John Vaughan (British Army officer, born 1871)

From Wikipedia, the free encyclopedia
Jump to navigation Jump to search

John Vaughan

Born31 July 1871
Dolgellau, Merionethshire, Wales
Died21 January 1956
Dolgellau, Merionethshire, Wales
Allegiance United Kingdom
Service/branchFlag of the British Army.svg British Army
Years of service1891–1920
Unit7th (Queen's Own) Hussars
10th (The Prince of Wales's Own) Royal Hussars
Commands held10th (The Prince of Wales's Own) Royal Hussars
Cavalry School, Netheravon
3rd Cavalry Brigade
3rd Cavalry Division
Zone Commander, Home Guard
Battles/warsMatabele War 1896
Mashonaland War 1897
Mahdist War 1898
Second Boer War 1899–1902
First World War 1914–1918
Second World War 1939–1945
AwardsOrder of the Bath
Distinguished Service Order and Bar
Légion d'honneur
Other workWelsh President British Legion
Deputy Lieutenant
Justice of the Peace

Major-General John Vaughan, CB, DSO, DL, JP (1871–1956) was a cavalry officer in the 7th (Queen's Own) Hussars and the 10th (The Prince of Wales's Own) Royal Hussars of the British Army.

He fought in several conflicts on the African continent. During the First World War he commanded the 3rd Cavalry Brigade and then the 3rd Cavalry Division. For which he was awarded an Order of the Bath, and a Bar for the Distinguished Service Order, the first of which he had received in South Africa.

Post war he became the Welsh President of the British Legion, a Deputy Lieutenant for Merionethshire and a Justice of the Peace. During the Second World War he returned to the army as a Zone Commander in the Home Guard.

Early life[edit]

John Vaughan was born 31 July 1871, at Nannau, Dolgellau, Merionethshire in Wales. He was the second son of John and Elinor Anne Vaughan, of a family that could trace their roots back to a line of Welsh princes in the Middle Ages. He was educated at Eton College before attending the Royal Military College, Sandhurst.[2]

Military career[edit]

7th (Queen's Own) Hussars[edit]

Vaughan was later to write "my military career was mapped out for me when I was still in the cradle".[3] It all began when he graduated from Sandhurst in March 1891 and joined the 7th (Queen's Own) Hussars, with the rank of second-lieutenant.[4] His promotion to lieutenant came in October 1894,[5] before seeing his first active service, in South Africa, during the 1896 Matabele relief expedition. The following year he participated in the Mashonaland War and the Sudan campaign in 1898.[2] He was then promoted to captain in November 1899,[6] before being seconded for service in the Second Boer War in December.[7]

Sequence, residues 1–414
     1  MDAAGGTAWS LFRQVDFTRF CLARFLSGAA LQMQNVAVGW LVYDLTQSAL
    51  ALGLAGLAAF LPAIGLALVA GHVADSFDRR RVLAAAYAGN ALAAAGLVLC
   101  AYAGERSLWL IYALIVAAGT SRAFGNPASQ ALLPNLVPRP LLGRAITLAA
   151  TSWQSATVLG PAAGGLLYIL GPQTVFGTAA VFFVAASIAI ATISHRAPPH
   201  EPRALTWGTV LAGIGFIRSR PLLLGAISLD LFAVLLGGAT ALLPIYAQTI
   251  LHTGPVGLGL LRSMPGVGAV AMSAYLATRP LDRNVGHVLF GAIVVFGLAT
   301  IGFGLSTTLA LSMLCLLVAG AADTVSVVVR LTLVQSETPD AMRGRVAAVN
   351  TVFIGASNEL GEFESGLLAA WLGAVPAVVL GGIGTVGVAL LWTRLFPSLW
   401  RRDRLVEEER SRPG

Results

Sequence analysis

Second Boer War[edit]

In South Africa, Vaughan was the senior Aide-de-camp and Deputy Assistant Adjutant-General to Lieutenant-General John French, the commander of the Cavalry Division, and was mentioned in dispatches in February 1900,[8] and promoted to brevet major on 29 November 1900. By March 1902, Vaughan was acting as the Intelligence Officer for a column consisting of the 7th Hussars and the 2nd Dragoon Guards (Queen's Bays). On 1 April he captured Commandant Pretorius as he was trying to escape and was soon after seriously wounded. However, for his conduct during the campaign, he was made a Companion of the Distinguished Service Order (DSO)[9] and twice more mentioned in dispatches (including one dated 1 June 1902, where he is commended for valuable work in the action at Holspruit 1 April 1902[10]).[2][11] He left Cape Town on the SS Roslin Castle in late May 1902,[12] and arrived home the following month. After the war, in January 1904, having recovered from his injuries, Vaughan became the Brigade Major for the 1st Cavalry Brigade.[13]

10th (The Prince of Wales's Own) Royal Hussars[edit]

On 14 May 1904, Vaughan was promoted to substantive major and transferred to the 10th (The Prince of Wales's Own) Royal Hussars.[14]

In May 1908 he was promoted to lieutenant-colonel and given command of the 10th Hussars.[15] His tenure in command ended in January 1911, Vaughan became the Commandant of the Cavalry School, with the temporary rank of colonel.[16]

Vaughan during this time was also a noted Polo player with a handicap of eight.[17] He was one of a small group of commanding officer that also played for their regiments Polo team, Hubert Gough 16th (Queen's) Lancers with Bertram Portal and Douglas Haig both 17th (The Duke of Cambridge's Own) Lancers being the others.[18] Another sport Vaughan participated in was fox hunting, he even included it on the syllabus of the Cavalry School under the pretext "memory training".[19] It was while he was at the Cavalry School that he married Louisa Evelyn, 22 October 1913, the eldest daughter of a Captain J. Stewart of Cardiganshire.[2]